Are you looking for a way to mock api calls for your Angular app? Do you want to test different responses locally? Here is ng-apimock! In this post we are going to setup api mocking in a very simple app so you can see what is going on.

The complete code can be found on github here.

Setup

Ng-apimock is a node module for scenario based api mocking. We can include this dependency for development like so.

npm install -D ng-apimock

We need some more dev dependencies that will used later on.

npm install -D concurrently cors express

For example we want to run the mocks and our app at the same time with the following script.

"scripts": {
    ...
    "serve.mock": "concurrently --kill-others \"ng serve --proxy- 
        config src/mock/proxy.config.json\" \"node src/mock/serve- 
        mockdata.js\"",
    ...
  },

Here we refer to a proxy configuration located at src/mock/proxy.config.json. We opt out of the security and rewrite the api path to point to our mock server.

{
    "/api/*": {
        "target": "http://localhost:3000",
        "secure": false,
        "changeOrigin": true,
        "logLevel": "info",
        "pathRewrite": {
            "^/api": "http://localhost:3000/ngapimock"
          }
    }
}

Note that this proxy config is not specific to ng-apimock. It can be used in all sorts of situations, for example in a local setup in combination with a Spring Boot api.

Concurrently we start our mock server. The config is found in src/mock/serve-mockdata.js. Here we see that the cors and express dependencies are used. Moreover we define the port and url where we can navigate to the mock server: http://localhost:3000/mocking/. Finally we point out where the mock scenario’s can be found.

'use strict';

const ngApimock= require('ng-apimock')();
const express = require('express');
const cors = require('cors');
const app = express();
const ngApimockRequest = require('ng-apimock/lib/utils').ngApimockRequest;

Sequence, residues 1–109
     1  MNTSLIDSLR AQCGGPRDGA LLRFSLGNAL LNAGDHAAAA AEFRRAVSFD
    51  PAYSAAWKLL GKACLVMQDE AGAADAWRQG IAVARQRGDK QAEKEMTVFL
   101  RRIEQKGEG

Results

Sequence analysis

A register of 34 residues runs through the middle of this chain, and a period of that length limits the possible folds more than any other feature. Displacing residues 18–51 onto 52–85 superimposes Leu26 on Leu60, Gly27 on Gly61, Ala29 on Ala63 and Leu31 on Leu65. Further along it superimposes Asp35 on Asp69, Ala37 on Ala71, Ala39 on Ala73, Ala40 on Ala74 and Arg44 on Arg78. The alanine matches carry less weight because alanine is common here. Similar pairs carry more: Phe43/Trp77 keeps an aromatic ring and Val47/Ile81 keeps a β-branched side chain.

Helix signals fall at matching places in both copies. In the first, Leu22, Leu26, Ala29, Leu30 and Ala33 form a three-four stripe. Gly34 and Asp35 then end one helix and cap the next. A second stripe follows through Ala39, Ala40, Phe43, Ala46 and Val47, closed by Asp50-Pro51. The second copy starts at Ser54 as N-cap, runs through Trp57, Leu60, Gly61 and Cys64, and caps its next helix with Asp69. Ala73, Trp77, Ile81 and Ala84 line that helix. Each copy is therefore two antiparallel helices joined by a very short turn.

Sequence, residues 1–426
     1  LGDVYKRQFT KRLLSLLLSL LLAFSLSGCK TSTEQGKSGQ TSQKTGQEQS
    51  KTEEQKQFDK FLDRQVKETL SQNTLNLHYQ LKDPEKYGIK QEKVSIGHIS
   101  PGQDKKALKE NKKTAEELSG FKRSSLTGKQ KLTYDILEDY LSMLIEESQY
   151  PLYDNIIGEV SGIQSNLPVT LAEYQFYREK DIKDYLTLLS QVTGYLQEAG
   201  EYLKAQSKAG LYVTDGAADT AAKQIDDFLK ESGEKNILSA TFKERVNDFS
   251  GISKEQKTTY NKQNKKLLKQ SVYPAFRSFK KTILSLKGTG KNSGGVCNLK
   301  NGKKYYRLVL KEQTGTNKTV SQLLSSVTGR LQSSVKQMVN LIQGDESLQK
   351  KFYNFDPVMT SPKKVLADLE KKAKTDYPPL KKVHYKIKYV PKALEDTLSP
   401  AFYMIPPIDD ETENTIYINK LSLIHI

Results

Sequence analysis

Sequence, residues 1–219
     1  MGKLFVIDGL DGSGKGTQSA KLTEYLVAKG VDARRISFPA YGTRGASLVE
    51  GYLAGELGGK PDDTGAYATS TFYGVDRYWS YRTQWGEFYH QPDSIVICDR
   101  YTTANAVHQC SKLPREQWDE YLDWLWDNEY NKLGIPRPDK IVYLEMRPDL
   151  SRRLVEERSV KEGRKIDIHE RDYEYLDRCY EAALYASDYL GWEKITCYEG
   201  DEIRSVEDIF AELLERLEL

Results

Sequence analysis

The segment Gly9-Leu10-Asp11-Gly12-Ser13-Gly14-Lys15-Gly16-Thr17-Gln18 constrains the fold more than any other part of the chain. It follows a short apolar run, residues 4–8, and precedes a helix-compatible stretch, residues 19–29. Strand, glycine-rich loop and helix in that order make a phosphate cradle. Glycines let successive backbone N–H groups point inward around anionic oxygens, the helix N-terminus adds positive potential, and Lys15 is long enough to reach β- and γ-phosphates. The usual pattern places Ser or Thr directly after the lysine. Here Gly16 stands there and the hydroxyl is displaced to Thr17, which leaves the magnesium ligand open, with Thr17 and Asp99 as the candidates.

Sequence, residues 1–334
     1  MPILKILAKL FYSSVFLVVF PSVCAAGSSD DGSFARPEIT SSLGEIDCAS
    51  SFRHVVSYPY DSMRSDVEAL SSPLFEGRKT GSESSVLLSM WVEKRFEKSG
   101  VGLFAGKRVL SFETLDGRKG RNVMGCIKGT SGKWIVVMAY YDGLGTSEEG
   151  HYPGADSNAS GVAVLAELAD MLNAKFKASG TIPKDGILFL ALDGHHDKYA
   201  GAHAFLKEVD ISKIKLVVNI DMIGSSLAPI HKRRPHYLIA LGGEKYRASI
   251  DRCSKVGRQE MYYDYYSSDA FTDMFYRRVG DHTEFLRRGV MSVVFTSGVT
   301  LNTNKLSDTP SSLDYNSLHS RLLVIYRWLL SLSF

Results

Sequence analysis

const CONFIG = {
    ngApiMock: {
        port: 3000,
        appPath: 'build/ng-apimock',
        url: '/mocking',
        mockFilesPath: 'e2e/mocks'
    }
}

ngApimock.run({
    'src': CONFIG.ngApiMock.mockFilesPath,
    'outputDir': CONFIG.ngApiMock.appPath,
    'done': function() {
    }
});

ngApimock.watch(CONFIG.ngApiMock.mockFilesPath);
app.use(ngApimockRequest);
app.use(CONFIG.ngApiMock.url, express.static(CONFIG.ngApiMock.appPath));
app.use(cors());
app.listen(3000, 'localhost');

With this in place we can run our command and see that both the app and the mock server are started.

Screenshot 2020 01 02 at 16.02.55 - NG-APIMOCK

Mock your service

With the setup done we can move on and define what the mock should do. Our service does the following http call.

this.status$ = this.httpClient.get('/api/status').pipe(
    map((response) => response[0].message)
);

To summarise it does a GET on the path /api/status and tries to read the message of the first element. Our mock can be configured to return this.

{
    "expression": "/status",
    "method": "GET",
    "name": "getStatus",
    "isArray": true,
    "responses": {
      "status OK": {
        "default": true,
        "status": 200,
        "data": [{
            "message": "OK"
        }]
      },
      "status Unauthorized": {
        "status": 401,
        "data": {}
      }
   }
}

We define on which calls it should react. Remember we did a rewrite on /api to our mock server. In the responses section we define the different scenario’s we want to have. Here we have the status OK response and the status Unauthorized response.

When we run our serve.mock script we can choose which scenario to use when we navigate to http://localhost:3000/mocking/.

Screenshot 2020 01 02 at 15.29.14 - NG-APIMOCK

When we use the app we see that it reacts accordingly.

Screenshot 2020 01 02 at 16.13.00 - NG-APIMOCK

Hopefully you can now define your own mocks enabling you to develop Angular apps locally with super speed. Happy mocking!